Congress’s Financial Control Board for Puerto Rico
Violates UN Resolutions
View larger size
June 21, 2016 (EIRNS)—In a strongly-worded speech before the UN Decolonization Committee June 20, Puerto Rican Governor Alejandro Garcia Padilla charged that H.R. 5278, which includes the creation of a financial control board to supervise the island’s finances (to the exclusion of local legislators and the Governor), is a violation of the terms of the 1953 UN Resolution 748 stating that Puerto Rico enjoys the "attributes of political sovereignty which clearly identify the status of self-government attained by the people of Puerto Rico as an autonomous political entity."
Garcia pointed out that the U.S. delegate to the UN General Assembly (UNGA), Francis P. Bolton, stated at that time, that Puerto Rico would, from then on, be governed "by a bilateral pact whose terms can only be altered by mutual consent." The control board, Garcia emphasized, violates that principle,
"usurps the powers the people of Puerto Rico have delegated to the Governor and Legislative Assembly," and eliminates political sovereignty.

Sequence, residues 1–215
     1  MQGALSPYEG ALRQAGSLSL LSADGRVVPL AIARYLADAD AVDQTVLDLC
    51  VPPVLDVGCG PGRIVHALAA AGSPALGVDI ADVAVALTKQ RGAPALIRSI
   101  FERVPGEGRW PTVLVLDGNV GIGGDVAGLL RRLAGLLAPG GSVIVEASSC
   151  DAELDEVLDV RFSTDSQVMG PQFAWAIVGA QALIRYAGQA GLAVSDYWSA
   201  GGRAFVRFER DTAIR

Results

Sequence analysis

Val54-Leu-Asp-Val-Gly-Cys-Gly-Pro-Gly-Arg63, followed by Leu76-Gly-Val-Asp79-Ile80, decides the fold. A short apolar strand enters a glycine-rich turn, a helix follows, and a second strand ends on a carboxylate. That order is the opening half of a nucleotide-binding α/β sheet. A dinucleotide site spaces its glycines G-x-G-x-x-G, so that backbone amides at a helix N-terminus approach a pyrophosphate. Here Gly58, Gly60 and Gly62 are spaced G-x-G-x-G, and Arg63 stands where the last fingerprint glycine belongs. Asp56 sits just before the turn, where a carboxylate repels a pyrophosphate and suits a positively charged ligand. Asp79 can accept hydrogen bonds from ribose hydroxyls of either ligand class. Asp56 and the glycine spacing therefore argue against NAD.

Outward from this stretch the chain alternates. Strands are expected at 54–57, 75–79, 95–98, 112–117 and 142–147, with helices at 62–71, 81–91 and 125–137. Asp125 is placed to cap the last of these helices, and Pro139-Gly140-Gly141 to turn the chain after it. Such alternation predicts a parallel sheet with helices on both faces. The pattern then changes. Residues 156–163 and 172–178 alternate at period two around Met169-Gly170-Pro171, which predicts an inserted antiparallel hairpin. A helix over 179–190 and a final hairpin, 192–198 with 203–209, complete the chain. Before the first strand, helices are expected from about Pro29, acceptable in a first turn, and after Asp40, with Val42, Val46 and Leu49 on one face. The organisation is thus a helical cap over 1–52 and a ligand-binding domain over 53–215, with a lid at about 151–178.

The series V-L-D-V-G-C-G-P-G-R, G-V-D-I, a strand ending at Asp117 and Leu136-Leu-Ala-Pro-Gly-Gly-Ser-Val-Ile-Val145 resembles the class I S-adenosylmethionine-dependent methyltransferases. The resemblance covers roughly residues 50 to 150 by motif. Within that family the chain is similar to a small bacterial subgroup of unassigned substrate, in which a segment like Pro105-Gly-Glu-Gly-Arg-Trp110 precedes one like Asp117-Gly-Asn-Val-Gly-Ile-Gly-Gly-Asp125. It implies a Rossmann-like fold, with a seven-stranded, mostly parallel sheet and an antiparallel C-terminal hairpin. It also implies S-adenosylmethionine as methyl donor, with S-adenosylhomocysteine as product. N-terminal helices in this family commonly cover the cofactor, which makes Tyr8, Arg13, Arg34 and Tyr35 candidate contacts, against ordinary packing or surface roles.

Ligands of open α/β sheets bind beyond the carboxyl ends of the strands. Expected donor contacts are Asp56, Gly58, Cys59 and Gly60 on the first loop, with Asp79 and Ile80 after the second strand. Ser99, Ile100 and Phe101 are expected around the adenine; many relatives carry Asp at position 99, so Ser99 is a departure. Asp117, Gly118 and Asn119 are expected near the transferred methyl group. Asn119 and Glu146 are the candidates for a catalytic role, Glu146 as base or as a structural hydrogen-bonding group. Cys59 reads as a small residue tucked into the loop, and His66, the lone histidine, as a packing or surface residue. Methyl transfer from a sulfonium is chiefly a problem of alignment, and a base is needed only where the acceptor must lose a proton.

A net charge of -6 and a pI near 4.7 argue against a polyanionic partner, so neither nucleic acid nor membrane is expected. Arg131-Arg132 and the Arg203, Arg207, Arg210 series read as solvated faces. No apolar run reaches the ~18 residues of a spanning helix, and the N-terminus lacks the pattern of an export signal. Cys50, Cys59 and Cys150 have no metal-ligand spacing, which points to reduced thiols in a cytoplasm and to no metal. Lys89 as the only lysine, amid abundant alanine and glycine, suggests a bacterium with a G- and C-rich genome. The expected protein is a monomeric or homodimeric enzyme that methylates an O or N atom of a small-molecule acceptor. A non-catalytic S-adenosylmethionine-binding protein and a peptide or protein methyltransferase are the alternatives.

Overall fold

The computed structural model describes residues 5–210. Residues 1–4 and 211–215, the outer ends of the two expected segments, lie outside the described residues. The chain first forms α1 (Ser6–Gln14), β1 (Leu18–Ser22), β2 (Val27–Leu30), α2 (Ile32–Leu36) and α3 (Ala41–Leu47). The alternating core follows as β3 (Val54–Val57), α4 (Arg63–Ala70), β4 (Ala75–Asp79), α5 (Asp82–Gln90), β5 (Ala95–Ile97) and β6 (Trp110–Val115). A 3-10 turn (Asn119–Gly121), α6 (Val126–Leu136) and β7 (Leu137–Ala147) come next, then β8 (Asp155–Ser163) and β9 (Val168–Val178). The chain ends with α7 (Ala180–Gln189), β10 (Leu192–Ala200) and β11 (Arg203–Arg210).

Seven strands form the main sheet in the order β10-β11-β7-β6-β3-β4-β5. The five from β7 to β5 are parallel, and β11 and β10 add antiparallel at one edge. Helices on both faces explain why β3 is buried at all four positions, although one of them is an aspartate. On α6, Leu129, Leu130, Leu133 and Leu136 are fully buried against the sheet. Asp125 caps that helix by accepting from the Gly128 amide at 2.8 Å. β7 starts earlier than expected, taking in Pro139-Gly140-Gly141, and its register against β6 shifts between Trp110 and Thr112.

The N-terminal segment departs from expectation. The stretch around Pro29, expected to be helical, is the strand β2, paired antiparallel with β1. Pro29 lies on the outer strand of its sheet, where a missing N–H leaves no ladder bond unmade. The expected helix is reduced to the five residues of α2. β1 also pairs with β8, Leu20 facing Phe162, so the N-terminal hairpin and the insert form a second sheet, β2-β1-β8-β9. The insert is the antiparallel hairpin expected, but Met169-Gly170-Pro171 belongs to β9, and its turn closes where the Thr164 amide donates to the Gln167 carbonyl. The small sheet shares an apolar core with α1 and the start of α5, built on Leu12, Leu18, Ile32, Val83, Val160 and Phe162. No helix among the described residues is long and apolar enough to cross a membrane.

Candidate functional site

The Governor explained that he reluctantly accepted H.R. 5278, which must be passed in the Senate, because it provides a mechanism for debt restructuring, given the island’s horrific humanitarian crisis; but the control board is a threat to Puerto Rico’s democracy, he added. The people of Puerto Rico demand that the terms of Resolution 748 be respected, "and that no backtracking be accepted."
In response to the Governor’s request that the Decolonization Committee take Puerto Rico’s case to the UNGA and the Human Rights Committee, the Committee voted up a resolution by consensus, proposed by Cuba, to do exactly that, urging the UNGA to make a determination on this issue "as soon as possible." The Committee has voted the same way for the past 16 years, although this year, several of the committee’s Ibero-American members stated their concern about the control board and the humanitarian crisis. Venezuela, Bolivia, Nicaragua, Syria, Ecuador, and Russia cosponsored the resolution.